Poverty: Children

Department for Work and Pensions written question – answered am ar 8 Ebrill 2024.

Danfonwch hysbysiad imi am ddadleuon fel hyn

Photo of Lord Taylor of Warwick Lord Taylor of Warwick Non-affiliated

To ask His Majesty's Government, following the release of data showing that the number of children living in absolute poverty has risen by the highest rate in 30 years, what steps they are taking to address the increase in child poverty rates.

Photo of Viscount Younger of Leckie Viscount Younger of Leckie The Parliamentary Under-Secretary of State for Work and Pensions

These statistics cover 2022/23, a year when war in Ukraine and global supply chain challenges led to unexpected and high rates on inflation, averaging 10% over the year. These factors are reflected in the statistics. In response to these pressures, the Government provided an unprecedented cost of living support package which helped to shield households from the impact of inflation. Analysis shows that the Government’s cost of living support prevented 1.3 million people from falling into absolute poverty after housing costs in 2022/23. That includes 300,000 children, 600,000 working-age adults and 400,000 pensioners.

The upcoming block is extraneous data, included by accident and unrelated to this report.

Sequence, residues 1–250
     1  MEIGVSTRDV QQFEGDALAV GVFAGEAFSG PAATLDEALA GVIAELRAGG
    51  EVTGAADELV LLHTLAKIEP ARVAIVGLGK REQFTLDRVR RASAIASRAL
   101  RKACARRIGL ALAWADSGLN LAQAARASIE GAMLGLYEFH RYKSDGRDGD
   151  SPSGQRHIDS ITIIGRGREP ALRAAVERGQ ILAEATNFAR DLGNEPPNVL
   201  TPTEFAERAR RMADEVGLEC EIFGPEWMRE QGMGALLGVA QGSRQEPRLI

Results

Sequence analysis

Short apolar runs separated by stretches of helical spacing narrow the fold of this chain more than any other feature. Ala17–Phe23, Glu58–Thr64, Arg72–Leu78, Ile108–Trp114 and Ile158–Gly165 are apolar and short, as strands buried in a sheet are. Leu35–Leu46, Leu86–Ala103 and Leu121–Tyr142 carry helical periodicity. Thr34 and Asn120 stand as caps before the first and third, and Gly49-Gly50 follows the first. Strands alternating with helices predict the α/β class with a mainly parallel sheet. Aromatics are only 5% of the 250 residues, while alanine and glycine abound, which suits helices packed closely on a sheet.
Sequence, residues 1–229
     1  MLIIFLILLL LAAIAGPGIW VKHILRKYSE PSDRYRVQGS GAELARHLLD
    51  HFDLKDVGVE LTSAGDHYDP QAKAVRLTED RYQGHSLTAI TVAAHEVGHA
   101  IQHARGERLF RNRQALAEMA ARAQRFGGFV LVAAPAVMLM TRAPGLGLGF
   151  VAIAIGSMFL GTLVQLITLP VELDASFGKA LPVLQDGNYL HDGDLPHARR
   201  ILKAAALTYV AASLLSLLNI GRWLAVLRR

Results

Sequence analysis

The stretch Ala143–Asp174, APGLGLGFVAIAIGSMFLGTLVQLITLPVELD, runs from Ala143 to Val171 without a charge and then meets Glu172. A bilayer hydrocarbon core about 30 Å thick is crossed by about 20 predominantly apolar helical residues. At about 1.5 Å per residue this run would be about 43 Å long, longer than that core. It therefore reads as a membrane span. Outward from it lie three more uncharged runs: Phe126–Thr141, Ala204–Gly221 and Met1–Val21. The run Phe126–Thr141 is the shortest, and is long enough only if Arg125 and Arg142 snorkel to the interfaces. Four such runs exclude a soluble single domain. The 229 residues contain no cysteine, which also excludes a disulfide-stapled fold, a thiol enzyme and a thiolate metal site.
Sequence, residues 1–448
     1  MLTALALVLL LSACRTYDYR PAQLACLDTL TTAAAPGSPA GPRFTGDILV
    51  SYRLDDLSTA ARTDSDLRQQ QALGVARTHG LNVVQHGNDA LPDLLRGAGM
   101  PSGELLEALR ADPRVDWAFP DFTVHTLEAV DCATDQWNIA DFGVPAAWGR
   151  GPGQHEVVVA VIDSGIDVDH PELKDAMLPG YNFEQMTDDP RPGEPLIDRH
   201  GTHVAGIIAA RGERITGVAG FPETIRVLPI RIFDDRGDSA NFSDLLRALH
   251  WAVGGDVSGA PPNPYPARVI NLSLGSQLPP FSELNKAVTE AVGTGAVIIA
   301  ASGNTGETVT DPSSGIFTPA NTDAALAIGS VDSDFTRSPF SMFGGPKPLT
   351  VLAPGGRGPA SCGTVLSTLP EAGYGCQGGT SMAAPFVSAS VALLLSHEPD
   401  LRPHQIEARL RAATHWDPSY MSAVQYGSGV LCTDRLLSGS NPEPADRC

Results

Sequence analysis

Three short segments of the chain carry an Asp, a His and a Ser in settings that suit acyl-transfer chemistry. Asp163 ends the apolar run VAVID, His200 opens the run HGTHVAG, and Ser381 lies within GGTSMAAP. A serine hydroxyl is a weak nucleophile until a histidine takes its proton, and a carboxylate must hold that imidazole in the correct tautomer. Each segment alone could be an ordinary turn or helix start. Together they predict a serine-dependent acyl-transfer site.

Since the period covered by these statistics, the Government has taken firm action to support families on the lowest incomes. The Government has spent around £276bn through the welfare system in 2023/24, including around £125bn on people of working age and children. We took action to support those on the lowest incomes by uprating benefits and State Pensions by 10.1% from April 2023. We are continuing to support people in 2024/25 by uprating working age benefits by 6.7% and raising the Local Housing Allowance rates to the 30th percentile of local market rents, benefiting 1.6 million low-income households.

With over 900,000 vacancies across the UK, our focus remains firmly on supporting parents to move into and progress in work, an approach which is based on clear evidence about the importance of parental employment - particularly where it is full-time - in substantially reducing the risk of child poverty. The latest statistics show that in 2022/23, children living in workless households were over 6 times more likely to be in absolute poverty (after housing costs) than those where all adults work.

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